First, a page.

Online or Face-to-Face? Questions in Course Design
This was the last week of Blended Learning course I started 6 weeks ago. The facilitators of this course did a fantastic job at creating different ways for participants to stay engaged throughout the course, reminding us that we could choose to join in as little or as much as we wanted. I listened to their weekly webinars, read the corresponding chapters, and even though I could not meet my weekly blogging goal, I’d like to share some thoughts that resonated with me.
These past three weeks, BlendKit14 addressed issues related to assessment in a blended learning environment, content and assignments, and quality assurance. It was interesting for me to note that most of the considerations in curriculum design for a blended course dealt with aspects we also take into account in a F2F (face to face) environment. And I suppose that makes sense. Regardless of whether we are planning a course to take place in a super high tech classroom, one with minimal resources and no classroom, or fully online, designing a course requires us to think about student needs, objectives, content, assignments, and the way it can all come together. However, what stands out to me as a difference between planning to teach a blended course and preparing for a F2F course is that designing a blended course has a built in need to make decisions about which type of activities students will benefit the most from. Perhaps one could argue that F2F classes are no different in this regard, but when I was thinking of how I would teach my current composition class if it were a blended course, I often wondered “which lessons would work better if we have a F2F class?” or “could students learn how to do X or Y by working online with other students?”. In short, because a blended course gives the option of asynchronous work and the use of many more resources online, there’s also the need for us to go deeper into the reasons why we choose any particular type of activity e.g., conducting a group discussion in the classroom vs on an online forum, reading at home vs. engaging in a reading activity in class. Even though I will not teach a blended course next fall, I will continue to have access to a LMS (Moodle) and since I do tend to integrate technology quite often in the classroom, I’ll be revising my course objectives to see if any of them could be better met by working on them asynchronously.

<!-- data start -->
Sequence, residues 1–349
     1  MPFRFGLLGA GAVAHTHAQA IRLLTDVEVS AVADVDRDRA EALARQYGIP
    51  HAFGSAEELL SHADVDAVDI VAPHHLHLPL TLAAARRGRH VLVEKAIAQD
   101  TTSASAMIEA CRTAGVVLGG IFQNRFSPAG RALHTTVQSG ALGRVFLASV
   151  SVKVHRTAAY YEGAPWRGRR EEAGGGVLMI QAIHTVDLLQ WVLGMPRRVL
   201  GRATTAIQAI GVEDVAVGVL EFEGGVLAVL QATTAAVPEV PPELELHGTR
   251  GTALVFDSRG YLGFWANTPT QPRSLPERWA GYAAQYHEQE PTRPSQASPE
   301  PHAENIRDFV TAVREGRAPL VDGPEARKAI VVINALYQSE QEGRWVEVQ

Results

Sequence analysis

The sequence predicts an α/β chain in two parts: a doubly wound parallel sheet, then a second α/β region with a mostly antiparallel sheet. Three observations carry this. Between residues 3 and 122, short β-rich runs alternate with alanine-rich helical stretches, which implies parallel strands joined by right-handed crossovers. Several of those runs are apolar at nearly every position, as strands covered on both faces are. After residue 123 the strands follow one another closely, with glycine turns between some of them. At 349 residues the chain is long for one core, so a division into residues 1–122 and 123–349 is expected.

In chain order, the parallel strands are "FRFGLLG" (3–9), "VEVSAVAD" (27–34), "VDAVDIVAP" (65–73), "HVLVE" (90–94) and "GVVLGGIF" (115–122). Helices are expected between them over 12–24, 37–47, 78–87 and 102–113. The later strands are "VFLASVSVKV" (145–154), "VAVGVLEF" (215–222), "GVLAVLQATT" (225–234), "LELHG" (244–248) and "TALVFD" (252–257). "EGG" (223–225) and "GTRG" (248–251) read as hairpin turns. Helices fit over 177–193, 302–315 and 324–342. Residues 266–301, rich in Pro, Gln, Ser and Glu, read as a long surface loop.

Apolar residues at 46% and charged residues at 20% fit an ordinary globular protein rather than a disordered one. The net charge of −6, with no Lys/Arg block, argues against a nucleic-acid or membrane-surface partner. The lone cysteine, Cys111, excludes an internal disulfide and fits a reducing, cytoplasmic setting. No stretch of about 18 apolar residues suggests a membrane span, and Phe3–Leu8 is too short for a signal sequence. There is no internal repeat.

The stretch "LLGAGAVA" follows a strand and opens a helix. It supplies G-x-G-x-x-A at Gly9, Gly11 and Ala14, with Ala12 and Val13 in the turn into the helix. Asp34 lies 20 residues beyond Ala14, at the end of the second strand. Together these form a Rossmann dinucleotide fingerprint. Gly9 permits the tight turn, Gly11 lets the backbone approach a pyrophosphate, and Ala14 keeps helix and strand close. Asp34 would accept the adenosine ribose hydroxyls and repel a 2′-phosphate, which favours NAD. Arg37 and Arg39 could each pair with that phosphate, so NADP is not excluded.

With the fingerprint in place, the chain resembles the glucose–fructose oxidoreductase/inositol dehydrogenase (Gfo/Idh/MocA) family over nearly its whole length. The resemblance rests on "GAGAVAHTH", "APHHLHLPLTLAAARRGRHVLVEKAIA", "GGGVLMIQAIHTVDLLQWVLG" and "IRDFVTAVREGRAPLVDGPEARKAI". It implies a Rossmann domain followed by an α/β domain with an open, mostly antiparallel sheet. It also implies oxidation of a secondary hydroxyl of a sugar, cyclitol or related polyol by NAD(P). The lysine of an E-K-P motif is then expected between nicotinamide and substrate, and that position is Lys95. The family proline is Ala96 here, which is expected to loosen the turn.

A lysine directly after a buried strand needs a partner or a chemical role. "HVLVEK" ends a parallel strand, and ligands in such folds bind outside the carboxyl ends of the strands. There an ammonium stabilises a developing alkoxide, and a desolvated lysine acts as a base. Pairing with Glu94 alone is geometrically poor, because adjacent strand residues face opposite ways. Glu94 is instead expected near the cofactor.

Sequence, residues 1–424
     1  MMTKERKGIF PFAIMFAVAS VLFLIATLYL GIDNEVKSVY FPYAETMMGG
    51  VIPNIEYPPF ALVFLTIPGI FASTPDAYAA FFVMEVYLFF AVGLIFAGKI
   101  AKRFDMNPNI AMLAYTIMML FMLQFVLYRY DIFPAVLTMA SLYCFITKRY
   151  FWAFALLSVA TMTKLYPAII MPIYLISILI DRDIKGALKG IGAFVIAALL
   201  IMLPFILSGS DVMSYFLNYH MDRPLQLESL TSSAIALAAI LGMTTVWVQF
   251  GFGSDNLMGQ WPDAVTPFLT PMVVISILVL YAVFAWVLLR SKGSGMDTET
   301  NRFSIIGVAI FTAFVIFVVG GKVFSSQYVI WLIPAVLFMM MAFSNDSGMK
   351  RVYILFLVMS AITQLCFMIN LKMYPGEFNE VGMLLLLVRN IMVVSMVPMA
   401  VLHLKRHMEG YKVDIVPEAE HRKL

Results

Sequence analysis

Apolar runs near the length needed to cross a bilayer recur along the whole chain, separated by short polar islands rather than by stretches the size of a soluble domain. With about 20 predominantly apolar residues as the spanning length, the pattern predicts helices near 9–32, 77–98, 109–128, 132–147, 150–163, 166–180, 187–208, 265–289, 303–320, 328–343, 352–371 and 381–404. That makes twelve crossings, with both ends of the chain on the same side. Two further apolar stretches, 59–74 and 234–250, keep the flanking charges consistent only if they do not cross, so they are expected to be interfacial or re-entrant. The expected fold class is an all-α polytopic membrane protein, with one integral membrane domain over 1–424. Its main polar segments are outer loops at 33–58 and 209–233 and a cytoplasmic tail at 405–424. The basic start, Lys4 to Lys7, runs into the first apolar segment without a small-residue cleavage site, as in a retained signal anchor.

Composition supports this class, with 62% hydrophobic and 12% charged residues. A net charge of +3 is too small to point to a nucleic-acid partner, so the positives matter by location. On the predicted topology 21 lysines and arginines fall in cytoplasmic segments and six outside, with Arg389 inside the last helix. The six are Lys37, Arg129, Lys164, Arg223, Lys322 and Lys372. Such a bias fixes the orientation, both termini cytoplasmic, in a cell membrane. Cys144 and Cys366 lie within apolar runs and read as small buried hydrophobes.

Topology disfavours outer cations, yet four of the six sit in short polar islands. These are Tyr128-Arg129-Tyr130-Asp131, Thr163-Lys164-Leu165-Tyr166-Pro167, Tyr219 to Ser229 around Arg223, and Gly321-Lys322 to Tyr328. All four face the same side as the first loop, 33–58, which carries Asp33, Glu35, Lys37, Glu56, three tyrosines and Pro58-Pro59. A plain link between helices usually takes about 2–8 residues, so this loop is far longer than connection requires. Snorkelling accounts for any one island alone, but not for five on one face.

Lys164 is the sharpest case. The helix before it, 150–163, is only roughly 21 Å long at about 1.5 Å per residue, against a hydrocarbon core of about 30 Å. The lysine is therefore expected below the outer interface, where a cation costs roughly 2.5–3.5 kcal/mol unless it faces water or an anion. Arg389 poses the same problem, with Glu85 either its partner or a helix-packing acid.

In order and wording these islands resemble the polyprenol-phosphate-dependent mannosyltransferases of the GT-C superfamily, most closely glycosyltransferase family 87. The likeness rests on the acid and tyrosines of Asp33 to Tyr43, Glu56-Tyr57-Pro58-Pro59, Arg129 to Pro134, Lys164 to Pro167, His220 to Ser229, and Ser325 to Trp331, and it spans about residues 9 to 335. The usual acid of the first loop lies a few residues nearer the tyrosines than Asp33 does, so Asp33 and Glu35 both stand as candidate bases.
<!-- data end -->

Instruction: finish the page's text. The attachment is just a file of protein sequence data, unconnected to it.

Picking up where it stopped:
When thinking about blended content and assignments (week 4) #BlendKit14 started with a section titled “questions to ponder”, and again, I find all of these questions relevant and valuable to my F2F teaching context.
In what experiences (direct or vicarious) will you have students participate during your blended learning course? In what ways do you see these experiences as part of the assessment process? Which experiences will result in student work that you score?
How will you present content to students in the blended learning course you are designing? Will students encounter content only in one modality (e.g., face-to-face only), or will you devise an approach in which content is introduced in one modality and elaborated upon in the other? What will this look like?
Will there be a consistent pattern to the presentation of content, introduction of learning activities, student submission of assignments, and instructor feedback (formal and informal) in your blended learning course? How can you ensure that students experience your course as one consistent whole rather than as two loosely connected learning environments?
How can specific technologies help you present content, provide meaningful experiences, and pitch integration to students in your blended course? With your planned technology use, are you stretching yourself, biting off more than you can chew, or just maintaining the status quo?
Learning about how to design a blended or hybrid course has taught me that there are lots of important questions we need to ask ourselves when thinking about the mode in which our courses take place. Sounds a bit obvious to state, but I think questioning even those teaching decisions which we think are so clear could make a big difference when it comes to student participation and learning. Each week during the BlendKit14 course I got to hear about the experiences of two faculty members teaching different courses and if something stood out from what they shared, it was that teaching the same content using new tools will involve lots of reflecting about what we are doing, how the students respond to it, and which changes need to take place. I know many teachers who strive to do this in their F2F classes already, but as more and more schools move towards integrating blended courses, we will need to start taking a deeper look into why and how we integrate web 2.0 tools into our courses.
So, in the spirit of questioning our current practices and use of technology in teaching, I’d like to ask the following question:
Which learning objectives in your current class could be met by conducting asynchronous online activities? which ones require a F2F class, and why?